One bleak morning in the eye of winter, five horses and five riders thundered into the remote mountain village of Nag’s End. Without ceremony or respect for local custom, they charged through the square and up the steep alpine trail that lay just beyond (p 1).
The arrival and quick deaths of the king’s men set off a series of disturbing deaths. Add to this the arrival of a group of strangers (a couple and their daughter) with whom Rowan is forbidden from approaching and a Duke who visits Rowan’s father and Rowan’s world is turned up-side-down.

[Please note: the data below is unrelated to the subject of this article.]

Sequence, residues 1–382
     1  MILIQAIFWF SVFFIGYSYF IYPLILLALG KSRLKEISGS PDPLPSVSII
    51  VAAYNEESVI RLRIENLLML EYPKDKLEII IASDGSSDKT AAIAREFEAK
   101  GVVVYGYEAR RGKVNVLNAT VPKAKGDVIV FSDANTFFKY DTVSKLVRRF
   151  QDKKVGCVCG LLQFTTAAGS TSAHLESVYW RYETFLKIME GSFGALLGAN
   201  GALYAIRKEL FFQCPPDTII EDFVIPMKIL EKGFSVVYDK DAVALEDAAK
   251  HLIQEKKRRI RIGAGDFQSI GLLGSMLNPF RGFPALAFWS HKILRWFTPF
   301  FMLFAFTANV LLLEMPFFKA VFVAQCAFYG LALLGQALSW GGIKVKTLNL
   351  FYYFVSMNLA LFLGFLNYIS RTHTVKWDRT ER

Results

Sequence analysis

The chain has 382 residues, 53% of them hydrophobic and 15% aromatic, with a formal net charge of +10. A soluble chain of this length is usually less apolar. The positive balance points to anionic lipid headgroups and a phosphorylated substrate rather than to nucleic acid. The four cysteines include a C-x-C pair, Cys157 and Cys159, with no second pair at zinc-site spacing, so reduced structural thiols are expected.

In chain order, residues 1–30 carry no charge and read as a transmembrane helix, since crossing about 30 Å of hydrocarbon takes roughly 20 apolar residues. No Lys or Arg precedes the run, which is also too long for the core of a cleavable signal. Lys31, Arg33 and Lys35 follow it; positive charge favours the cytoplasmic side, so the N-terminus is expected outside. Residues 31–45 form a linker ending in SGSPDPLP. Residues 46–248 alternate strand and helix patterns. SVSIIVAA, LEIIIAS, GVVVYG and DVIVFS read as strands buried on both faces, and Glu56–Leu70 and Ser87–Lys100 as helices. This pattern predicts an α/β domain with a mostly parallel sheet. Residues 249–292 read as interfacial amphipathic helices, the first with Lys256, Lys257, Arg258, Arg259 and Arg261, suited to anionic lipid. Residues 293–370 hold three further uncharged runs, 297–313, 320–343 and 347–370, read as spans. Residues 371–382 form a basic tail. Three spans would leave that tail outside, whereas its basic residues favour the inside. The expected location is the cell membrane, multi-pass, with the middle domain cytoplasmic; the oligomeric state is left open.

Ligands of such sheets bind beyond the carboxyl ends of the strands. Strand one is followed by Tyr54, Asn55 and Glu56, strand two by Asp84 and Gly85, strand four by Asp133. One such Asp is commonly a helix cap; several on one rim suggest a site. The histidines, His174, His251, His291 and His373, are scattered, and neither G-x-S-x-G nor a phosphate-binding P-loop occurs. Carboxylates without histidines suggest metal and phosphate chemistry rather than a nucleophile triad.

First, the beautiful young woman named Fiona is revealed to be her relation. Then Tom, Rowan’s best friend, falls completely in love with Fiona. But death toll rises and each gruesome body suggests a protean and impossible murderer. Then, the ever friendly Tom becomes truculent and crazed and the villagers become suspicious.
This atmospheric tale has a touch of mystery, fantasy, romance and fairy tale all mixed together. Though it could have benefited from a tighter telling, I recommend it to fans of Marcus Sedgwick and Chris Wooding.